Winter Rain, part 10

Her sweater is a bit small for me, but I pull it on and settle down beside her. She puts her arm around me for warmth. Hers and mine. She rests her head against my shoulder.

The darkness is comforting—despite the cold, still air. The smell of damp earth, the hint of must—it’s not at all like the den at home, but it’s deeply, instinctively familiar, nonetheless. And there are old memories here, too. Of childhood. And simpler times.

I look down at her out of the corner of my eye. She smiles. “I’m glad you called,” she says. “I’ve missed you.” She says it without reproach, but it makes my heart sink anyway. I hadn’t wanted to hurt her. Though I guess I knew I would. It’s just . . . I couldn’t be around her while . . . . She knows me too well. She’d have found out what I was up to, and then she’d have talked me out of it.

But it’s safe now. The deed is done.

“I’m glad you came.” I lean into her a little. “To be honest, I didn’t think you would.”

“And why would you think that?“

“No reason,” I lie. I grin and try to cover: “Just, you know, clothes, shoes, running in heels . . . .”

She punches me in the ribs with her free hand. “You try running on gravel in heels!”

I laugh. “See, that’s exactly my point!”

She snuggles back into me and I put my arm around her and pull her close.

“I was a little worried . . . that you’d be angry with me.”

She looks up at me and smirks. “Why, because you’ve been avoiding me?”

Hah! “I’m that transparent, am I?”

She sighs. “You are to me.”

Hmmm. And I always have been, haven’t I.

“You aren’t angry?”

“Eh,” she says, and shrugs. “Not any more. Maybe at first. But I know how you get.

“I try not to take it personally.”

I don’t know how she can be so easy-going. So forgiving. But I’ve always envied that about her. And I hate it that I’ve relied on it so much.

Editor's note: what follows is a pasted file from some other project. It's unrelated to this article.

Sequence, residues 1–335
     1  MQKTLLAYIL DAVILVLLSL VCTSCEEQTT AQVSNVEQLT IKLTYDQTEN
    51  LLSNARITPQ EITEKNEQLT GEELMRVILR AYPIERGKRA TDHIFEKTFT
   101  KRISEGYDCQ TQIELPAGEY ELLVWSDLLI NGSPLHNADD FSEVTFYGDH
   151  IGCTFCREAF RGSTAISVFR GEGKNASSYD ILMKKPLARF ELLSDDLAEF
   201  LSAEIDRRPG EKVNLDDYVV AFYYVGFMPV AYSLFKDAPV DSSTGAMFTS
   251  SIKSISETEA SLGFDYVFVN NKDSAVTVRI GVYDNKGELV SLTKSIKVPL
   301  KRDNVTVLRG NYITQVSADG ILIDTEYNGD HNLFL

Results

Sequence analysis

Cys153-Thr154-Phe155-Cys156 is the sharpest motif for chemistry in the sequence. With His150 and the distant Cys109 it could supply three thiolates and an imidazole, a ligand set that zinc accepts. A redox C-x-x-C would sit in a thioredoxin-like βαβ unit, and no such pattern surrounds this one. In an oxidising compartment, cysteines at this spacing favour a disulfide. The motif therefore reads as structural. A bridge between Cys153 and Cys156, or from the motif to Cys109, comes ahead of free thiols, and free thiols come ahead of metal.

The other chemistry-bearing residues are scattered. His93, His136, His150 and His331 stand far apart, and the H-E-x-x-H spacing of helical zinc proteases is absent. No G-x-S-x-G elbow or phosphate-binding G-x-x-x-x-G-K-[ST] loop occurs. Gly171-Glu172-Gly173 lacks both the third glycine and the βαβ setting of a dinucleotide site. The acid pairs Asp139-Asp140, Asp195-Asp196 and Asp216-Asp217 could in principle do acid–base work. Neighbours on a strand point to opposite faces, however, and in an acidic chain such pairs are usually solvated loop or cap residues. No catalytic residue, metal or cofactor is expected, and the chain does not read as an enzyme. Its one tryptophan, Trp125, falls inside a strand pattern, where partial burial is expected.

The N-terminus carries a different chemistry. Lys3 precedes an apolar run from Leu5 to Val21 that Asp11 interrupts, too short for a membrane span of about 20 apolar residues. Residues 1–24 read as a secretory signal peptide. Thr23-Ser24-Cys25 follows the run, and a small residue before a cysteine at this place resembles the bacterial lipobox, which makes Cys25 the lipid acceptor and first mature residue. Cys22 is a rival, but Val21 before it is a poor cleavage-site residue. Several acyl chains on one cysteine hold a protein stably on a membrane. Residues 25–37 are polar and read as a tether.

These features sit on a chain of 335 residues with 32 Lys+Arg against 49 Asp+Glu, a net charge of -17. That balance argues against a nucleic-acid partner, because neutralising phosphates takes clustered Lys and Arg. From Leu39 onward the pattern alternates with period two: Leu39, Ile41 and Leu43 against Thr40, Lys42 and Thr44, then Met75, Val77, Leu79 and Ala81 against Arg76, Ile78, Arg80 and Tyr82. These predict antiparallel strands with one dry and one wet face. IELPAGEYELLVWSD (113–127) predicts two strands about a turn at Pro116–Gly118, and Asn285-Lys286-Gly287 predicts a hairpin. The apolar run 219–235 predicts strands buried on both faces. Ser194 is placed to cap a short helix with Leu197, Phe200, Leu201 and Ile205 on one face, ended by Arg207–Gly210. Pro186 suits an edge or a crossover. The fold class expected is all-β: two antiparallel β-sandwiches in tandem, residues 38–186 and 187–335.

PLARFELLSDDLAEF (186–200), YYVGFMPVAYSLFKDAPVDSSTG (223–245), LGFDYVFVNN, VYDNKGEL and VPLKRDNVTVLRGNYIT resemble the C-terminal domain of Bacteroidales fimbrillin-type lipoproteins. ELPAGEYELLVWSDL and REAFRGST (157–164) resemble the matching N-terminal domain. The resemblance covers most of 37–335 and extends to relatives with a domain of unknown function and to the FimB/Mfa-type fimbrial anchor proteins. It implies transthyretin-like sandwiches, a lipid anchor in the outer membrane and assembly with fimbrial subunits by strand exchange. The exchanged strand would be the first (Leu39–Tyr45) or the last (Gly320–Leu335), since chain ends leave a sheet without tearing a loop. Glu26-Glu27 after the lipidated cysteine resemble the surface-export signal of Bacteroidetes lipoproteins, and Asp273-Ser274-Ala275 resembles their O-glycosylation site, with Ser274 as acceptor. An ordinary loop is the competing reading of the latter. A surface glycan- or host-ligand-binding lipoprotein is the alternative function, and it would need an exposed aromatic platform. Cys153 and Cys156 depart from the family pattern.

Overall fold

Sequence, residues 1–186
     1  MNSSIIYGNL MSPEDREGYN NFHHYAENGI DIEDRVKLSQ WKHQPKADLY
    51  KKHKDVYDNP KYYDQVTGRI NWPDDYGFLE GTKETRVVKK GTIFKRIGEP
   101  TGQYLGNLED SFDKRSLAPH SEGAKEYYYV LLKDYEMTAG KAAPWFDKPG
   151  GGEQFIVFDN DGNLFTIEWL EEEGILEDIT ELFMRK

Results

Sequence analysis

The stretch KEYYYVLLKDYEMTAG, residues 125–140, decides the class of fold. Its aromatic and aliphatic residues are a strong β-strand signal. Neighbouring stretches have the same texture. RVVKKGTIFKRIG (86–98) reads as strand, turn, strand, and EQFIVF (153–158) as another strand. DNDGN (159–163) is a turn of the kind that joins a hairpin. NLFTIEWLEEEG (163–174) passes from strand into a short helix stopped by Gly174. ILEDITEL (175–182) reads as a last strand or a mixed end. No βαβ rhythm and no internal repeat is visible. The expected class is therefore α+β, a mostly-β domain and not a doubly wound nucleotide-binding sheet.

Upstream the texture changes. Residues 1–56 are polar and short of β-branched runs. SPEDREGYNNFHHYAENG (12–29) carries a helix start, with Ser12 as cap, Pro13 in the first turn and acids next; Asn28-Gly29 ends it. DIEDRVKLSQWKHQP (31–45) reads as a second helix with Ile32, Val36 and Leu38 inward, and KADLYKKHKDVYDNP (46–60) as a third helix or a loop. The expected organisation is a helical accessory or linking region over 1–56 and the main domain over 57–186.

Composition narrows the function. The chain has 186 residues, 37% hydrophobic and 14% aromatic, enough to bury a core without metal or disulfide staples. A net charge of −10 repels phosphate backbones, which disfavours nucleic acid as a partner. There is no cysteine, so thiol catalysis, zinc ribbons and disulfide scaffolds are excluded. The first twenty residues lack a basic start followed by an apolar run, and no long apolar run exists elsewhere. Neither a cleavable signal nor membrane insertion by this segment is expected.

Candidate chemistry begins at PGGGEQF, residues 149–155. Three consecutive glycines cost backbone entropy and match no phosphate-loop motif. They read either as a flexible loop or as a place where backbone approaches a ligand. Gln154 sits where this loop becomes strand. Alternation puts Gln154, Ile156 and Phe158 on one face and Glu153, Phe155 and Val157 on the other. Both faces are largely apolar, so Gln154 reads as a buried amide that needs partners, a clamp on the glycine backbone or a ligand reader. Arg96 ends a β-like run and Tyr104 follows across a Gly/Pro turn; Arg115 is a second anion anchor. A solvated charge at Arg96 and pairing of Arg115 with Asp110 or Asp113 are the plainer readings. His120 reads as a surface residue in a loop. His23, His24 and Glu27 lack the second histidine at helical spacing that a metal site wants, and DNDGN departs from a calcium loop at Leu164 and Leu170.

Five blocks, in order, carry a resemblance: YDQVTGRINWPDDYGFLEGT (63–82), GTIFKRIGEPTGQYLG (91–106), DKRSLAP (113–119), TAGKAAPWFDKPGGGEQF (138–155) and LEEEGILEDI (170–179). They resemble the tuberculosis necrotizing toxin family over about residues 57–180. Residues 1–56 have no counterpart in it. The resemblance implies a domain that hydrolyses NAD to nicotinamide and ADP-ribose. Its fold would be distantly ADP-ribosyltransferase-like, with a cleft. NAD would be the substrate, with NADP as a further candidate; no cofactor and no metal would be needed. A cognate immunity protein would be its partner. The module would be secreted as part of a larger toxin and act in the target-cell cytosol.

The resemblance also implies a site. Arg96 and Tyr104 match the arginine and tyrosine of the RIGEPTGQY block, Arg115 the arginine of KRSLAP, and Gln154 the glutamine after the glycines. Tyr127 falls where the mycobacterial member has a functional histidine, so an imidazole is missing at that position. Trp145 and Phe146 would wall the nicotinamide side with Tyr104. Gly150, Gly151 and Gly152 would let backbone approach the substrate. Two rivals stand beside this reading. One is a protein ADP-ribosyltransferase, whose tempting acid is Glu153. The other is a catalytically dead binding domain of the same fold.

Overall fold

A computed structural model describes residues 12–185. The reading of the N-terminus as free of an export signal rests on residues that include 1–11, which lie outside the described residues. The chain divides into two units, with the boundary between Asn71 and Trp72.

“You know,” I say, and meet her eyes, “I’ve really missed you.”

“I know,” she says, without hesitation—like it’s the most obvious thing I could have said. “But maybe you could remember, next time, that I like having you around, too, okay?”

Skewered, I look away.

“I’m sorry.”

“Uh huh. So, can I assume whatever stupid idea you’ve been avoiding me to do is done?”

Transparent indeed.

But I guess I’ve avoided the topic long enough.

“She’s gone, Tara. And she won’t be back.”

5 Responses to “Winter Rain, part 10”

  1. srsuleski says:

    This is irrevocably boring and I will never read anything you write, ever again.

  2. I suspected as much.  Oh well.  There’s always RCC to fall back on.

  3. srsuleski says:

    I have crushed the delicate fronds of a newly flowering fern.  With my big black boots and an old suitcase.


  4. srsuleski says:

    Okay, serious comment (which will be hard with my donut addled brain, but)

    Yeah, not much happens.  But then, it’s quite short, so you can’t have great balls of plot every installment at your average wordcount per update.  I like Tara so far, and the insight into her and Tiergan’s relationship.  Cuddly little puppies, they are.  She strikes me as rather motherly.  I’m picturing Tiergan nuzzling into her ample bosom.  (But don’t mind that, that’s probably just the sugar talking).

    I don’t think the writing that’s there is bad, or banal . . . but one thing that does occur to me is that it’s missing the sort of grounding that was in some other installment.  Like in the first one; the ugly modern painting, the tea cup . . . the background objects in the setting seemed to give it that splash of color.  This is mostly dialogue with a little framing at the beginning.

    But that’s only when I’m analyzing it based on what you were saying . . . normally I’d probably just read it over, digest the character dynamic, and wait for more.  So it’s not a biggie.  Don’t have to be immersed in color like a painting every minute, esp. when you’re trying to keep the story moving on a daily basis.

    “She’s gone, Tara. And she won’t be back.”

    Ah but it would seem Faolan wants to marry her (or something) so won’t she “be back” in the sense that she’ll still be in his life?  That is going to be awfully awkward.

  5. Hmmm, I think it is the lack of action and setting that has been bugging me.  Too much of them sitting quietly in a dark, empty room.  This isn’t the first time I’ve had this problem in my writing, either.  I’ll see if I can fix that with the next ep.

    As for awfully awkward, I think that’s an understatement.  I haven’t yet decided exactly how all of that will resolve, but it is certainly core to the plot.

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